Bankers working on a Sunday? If that’s not a sign of the apocalypse, I don’t know what would be. Ben Bernanke and his secretive Federal Reserve met in a marble palace Sunday to discuss the liquidity of America’s banks. Here is what they allow the commoners to know.
The Federal Reserve announced Sunday that it would provide a $30 billion credit line to JPMorgan Chase, for assistance in taking over the operation of Bear Stearns. The loan from the Federal Reserve to JPMorgan Chase will be secured by the Federal Reserve itself; if that does not make sense, I have stated it perfectly. The Fed will control all decision-making in the Bear Stearns portfolio to minimize its own risk.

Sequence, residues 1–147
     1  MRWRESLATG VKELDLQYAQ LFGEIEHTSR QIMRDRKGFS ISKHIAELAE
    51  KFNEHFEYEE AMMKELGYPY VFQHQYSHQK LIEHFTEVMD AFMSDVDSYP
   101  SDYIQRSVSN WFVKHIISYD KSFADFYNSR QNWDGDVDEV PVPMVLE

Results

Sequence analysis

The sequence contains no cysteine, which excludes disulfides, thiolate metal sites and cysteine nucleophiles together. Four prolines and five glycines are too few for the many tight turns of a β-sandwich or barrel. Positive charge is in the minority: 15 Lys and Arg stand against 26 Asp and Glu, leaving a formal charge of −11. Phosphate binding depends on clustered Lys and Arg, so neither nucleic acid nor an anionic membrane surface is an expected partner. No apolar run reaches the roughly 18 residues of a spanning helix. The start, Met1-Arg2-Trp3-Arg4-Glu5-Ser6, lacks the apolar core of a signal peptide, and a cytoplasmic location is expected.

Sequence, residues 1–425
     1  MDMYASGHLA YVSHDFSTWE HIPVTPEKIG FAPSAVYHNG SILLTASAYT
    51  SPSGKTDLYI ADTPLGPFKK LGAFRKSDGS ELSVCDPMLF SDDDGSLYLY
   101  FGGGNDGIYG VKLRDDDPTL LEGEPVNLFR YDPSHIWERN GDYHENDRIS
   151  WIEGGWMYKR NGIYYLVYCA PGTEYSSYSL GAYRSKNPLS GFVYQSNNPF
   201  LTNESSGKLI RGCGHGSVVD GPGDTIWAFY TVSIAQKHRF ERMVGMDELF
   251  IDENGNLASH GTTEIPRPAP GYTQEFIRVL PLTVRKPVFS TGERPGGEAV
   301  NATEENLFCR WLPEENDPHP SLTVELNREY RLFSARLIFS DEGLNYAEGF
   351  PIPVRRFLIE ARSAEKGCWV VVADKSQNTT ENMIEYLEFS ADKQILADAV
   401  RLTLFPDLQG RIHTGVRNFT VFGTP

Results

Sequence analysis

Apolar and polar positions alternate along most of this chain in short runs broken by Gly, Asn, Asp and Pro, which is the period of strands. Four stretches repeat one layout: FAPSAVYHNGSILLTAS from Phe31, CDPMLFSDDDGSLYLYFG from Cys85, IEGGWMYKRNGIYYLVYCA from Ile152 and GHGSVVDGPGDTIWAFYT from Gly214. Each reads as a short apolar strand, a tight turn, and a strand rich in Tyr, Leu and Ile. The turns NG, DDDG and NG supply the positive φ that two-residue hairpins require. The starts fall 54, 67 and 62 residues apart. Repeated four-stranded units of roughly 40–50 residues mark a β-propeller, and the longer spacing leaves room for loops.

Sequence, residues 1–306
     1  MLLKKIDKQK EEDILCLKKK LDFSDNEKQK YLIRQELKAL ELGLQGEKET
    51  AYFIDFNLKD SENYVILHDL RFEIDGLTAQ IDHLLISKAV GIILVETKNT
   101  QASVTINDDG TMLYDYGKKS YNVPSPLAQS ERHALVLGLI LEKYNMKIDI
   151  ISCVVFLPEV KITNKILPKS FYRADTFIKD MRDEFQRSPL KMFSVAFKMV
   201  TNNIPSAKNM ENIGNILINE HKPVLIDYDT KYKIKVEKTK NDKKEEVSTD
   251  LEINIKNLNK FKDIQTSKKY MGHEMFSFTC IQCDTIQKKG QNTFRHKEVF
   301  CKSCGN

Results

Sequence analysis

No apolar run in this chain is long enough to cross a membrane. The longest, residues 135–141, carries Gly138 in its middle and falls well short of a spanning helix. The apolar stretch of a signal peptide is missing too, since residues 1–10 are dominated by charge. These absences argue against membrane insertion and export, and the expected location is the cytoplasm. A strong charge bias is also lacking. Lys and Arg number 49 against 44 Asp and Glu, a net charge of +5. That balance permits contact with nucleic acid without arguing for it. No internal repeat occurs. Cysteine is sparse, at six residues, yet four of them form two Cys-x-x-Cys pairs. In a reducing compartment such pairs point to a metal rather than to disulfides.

The Fed also announced an emergency discount rate cut of a quarter percent, to 3.25 percent. It is expected to cut the rate again on Tuesday, March 18. Apparently the Fed still has faith in its own gerrymandered consumer price index, despite evidence to the contrary in food and gas prices, because these rate cuts will inevitably devalue the dollar.
The $200 billion per month TSLF instituted by the Federal Reserve last week will remain in place, but Bernanke announced Sunday that the program will no longer have a cap. Investment banks may now trade their risky mortgage-backed securities for Treasury securities without limitation on the total. The $200 billion monthly of TAF and repurchase agreements will continue, and unknown amount of TSLF deals in excess of $200 billion monthly will also be worked out. As of last week, 40% of the U.S. economy depended on Federal Reserve action. It is not unlikely that over half of this month’s U.S. economic activity will be the direct result of Federal Reserve bailouts, which will inevitably devalue the U.S. Dollar in the coming weeks.